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Countries have responded by implementing travel restrictions on South Africa. Picture: LEON NEAL/BLOOMBERG
Countries have responded by implementing travel restrictions on South Africa. Picture: LEON NEAL/BLOOMBERG

At least we’re learning. Remember when the early reaction to the outbreak of a deadly virus in Wuhan was to discourage people from changing their travel plans?

SA’s government didn’t sit on information about a new worrying variant of SARS-CoV-2, which the World Health Organisation has now dubbed omicron. It didn’t downplay it. On the contrary, authorities shared detailed slides so that countries could develop their responses.

Now it’s up to governments and local authorities to adapt to a fast-changing viral picture — one that remains blurry in places.

Genomic sequencing of infections in SA found that the variant B.1.1.529 contained many more mutations than the dominant delta variant. More worrying, some of the mutations occur in the area of the spike protein that is targeted by antibodies. That could mean existing vaccines will be less effective, something we should know with more certainty in the coming weeks.

On Friday evening, the WHO dubbed the variant Omicron (not “nu”, which seemed to be the Twitter consensus; and, in some conversations, a previous mutation designated “mu”). It’s also been called a “variant of concern,” which signifies it contains genetic changes that are known to affect transmissibility, disease severity or evade vaccines and therapies.

Certainly, Omicron’s transmissibility seems extremely high. The WHO was alerted on November 24 and says the variant was identified from a specimen collected on November 9. It is already in evidence in most of SA’s provinces, along with Botswana, and cases have been found in Hong Kong, Israel and Belgium. It’s quite likely it has spread beyond those places, too.

Omicron has around 50 mutations and more than 30 in the spike protein, far more than the Delta variant.

While South African officials are unhappy with it, travel restrictions are the obvious first response. The UK government announced a temporary travel ban on several countries Thursday night.

However, when a flight from Johannesburg  arrived in London on Friday, about 300 passengers were released into the wild with only an advisory message to self-isolate and take some tests. (For a government that has done a lot of complaining about lax French border controls, that counts as an own goal.)

Meanwhile, Israel put in new travel restrictions, quarantines and PCR testing at the border. The EU recommended an “emergency brake” on travel from SA. These restrictions merely buy a little time to map out the next steps. If scientists confirm that omicron can indeed escape the defences of current vaccines, then the race is on to develop a better defensive weapon.

Pfizer says it can deliver a vaccine that would counter the new variant within 100 days of sequencing. That’s fast. Regulators like the US Food and Drug Administration are likely to speed approval processes for vaccines that are just tweaked for new variants. Pfizer estimates it could make 4-billion doses in the first 12 months. Another 8-billion doses of the Moderna. and AstraZeneca vaccines are likely to be available in a similar time frame.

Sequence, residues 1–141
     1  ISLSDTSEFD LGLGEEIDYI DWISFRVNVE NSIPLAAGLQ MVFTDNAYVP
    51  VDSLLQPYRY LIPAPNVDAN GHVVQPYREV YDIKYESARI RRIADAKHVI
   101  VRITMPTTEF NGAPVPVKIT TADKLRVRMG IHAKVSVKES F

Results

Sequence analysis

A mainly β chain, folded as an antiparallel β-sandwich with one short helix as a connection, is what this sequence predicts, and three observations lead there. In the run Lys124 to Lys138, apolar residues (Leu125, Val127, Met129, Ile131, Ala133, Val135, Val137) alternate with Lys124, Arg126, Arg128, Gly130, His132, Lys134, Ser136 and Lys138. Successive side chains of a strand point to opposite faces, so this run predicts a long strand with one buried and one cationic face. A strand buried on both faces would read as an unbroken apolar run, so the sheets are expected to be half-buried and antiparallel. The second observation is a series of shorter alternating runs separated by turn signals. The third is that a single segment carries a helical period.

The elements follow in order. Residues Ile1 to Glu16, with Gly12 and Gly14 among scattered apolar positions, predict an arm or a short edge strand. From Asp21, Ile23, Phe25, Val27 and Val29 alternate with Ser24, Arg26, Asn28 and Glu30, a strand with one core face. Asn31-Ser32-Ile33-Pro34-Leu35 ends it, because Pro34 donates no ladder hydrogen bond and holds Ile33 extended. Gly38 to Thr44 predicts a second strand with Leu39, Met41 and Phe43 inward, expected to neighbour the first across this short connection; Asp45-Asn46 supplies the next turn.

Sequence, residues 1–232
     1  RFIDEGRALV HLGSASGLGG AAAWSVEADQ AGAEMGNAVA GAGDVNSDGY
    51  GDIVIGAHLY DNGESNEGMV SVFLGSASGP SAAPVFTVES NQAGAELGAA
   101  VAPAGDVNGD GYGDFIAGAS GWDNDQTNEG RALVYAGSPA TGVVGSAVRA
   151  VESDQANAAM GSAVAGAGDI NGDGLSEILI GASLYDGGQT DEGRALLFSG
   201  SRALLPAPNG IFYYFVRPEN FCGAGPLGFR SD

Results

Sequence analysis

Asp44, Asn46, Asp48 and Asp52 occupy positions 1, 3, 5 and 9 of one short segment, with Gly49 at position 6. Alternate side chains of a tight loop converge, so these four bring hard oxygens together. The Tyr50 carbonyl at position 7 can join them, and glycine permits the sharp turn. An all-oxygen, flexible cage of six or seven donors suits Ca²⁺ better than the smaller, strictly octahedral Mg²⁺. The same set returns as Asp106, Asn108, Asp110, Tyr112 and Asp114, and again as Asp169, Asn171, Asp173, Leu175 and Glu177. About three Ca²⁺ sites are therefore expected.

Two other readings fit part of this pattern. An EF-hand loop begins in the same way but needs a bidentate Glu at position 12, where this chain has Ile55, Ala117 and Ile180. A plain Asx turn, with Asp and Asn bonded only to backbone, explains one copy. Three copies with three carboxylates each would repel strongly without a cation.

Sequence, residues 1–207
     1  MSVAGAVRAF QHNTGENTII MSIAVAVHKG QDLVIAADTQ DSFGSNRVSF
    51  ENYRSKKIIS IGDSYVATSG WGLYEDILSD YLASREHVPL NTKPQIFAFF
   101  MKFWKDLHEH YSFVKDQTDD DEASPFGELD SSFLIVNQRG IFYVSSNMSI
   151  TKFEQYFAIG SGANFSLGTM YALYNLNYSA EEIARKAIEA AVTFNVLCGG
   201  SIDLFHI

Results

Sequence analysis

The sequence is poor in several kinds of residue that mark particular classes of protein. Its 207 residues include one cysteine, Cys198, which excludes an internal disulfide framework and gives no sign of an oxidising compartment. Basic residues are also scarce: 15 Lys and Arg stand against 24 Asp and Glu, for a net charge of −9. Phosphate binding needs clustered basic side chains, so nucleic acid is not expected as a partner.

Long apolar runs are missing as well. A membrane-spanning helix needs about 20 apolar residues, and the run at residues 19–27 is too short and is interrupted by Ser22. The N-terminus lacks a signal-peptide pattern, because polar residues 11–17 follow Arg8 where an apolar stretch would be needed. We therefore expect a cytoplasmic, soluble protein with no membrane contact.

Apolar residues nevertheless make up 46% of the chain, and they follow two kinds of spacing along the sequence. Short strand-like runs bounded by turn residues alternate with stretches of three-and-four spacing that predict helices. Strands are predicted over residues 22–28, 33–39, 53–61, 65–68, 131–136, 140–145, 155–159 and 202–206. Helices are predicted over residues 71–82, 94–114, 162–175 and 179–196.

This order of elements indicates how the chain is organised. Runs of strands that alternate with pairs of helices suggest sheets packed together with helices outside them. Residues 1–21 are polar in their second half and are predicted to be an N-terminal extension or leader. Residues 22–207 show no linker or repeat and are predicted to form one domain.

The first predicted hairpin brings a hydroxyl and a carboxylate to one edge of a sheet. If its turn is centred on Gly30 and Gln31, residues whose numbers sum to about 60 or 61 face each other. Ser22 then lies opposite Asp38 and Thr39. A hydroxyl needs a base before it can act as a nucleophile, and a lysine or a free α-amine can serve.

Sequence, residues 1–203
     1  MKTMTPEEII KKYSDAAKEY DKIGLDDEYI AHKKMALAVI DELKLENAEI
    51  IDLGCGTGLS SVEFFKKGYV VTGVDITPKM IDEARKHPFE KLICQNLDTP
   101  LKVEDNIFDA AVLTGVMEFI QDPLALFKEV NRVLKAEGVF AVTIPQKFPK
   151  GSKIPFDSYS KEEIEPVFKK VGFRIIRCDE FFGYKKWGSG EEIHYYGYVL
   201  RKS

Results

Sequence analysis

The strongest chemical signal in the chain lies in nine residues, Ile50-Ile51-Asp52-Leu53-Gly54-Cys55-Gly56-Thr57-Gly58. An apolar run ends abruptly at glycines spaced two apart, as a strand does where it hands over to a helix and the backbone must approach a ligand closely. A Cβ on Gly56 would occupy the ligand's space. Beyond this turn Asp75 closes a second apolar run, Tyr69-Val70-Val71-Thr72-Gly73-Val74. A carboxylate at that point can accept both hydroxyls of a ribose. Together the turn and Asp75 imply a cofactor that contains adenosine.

Even so, testing will need to be done on the updated vaccine. Getting it into enough arms will take many months, even with delivery systems primed by the current vaccine rollout.

Other lines of defence will be important, too. There are questions about whether the new variant may change the effectiveness of monoclonal antibody treatments, proteins that attach to a specific target in the spike protein of the virus and can be a key tool in treating early infection and even as a prophylaxis in those vulnerable to serious illness.

Maybe we’ll get lucky. The authors of a study published in the journal Nature in September found the presence of “abundant” neutralising antibody targets on the spike protein of the SARS-Co-V-2 virus; it apparently takes a lot of mutations to escape vaccines or natural infection.

Then again, omicron has about 50 mutations and more than 30 in the spike protein, far more than the delta variant. Ten of the mutations are in the so-called receptor binding domain (RBD), which is the part of the virus that makes contact with cells first; that’s compared with two with Delta.

Omicron was a statistical probability long before it turned up. With a 24% vaccination rate, it’s hardly a surprise it first appeared in SA. The Hong Kong case was in a vaccinated traveller; the Belgian in an unvaccinated one. The longer it takes to vaccinate whole populations, the faster we will cycle through the Greek alphabet with new variants; the only way to prevent that is to vaccine more people faster.

Wherever Omicron is seeded, it’s likely we’ll need the now familiar range of detection and mitigation measures — mask mandates in public places, more frequent testing and work-from-home guidance. While these measures are already back in place in much of Europe, it would be an unwelcome regression for the UK, where mask-wearing is progressively rarer.

SA’s transparency and the early response suggests we’re at least learning the first lesson of pandemic management: that “wait and see” is a losing strategy.

Bloomberg Opinion. More stories like this are available on bloomberg.com/opinion

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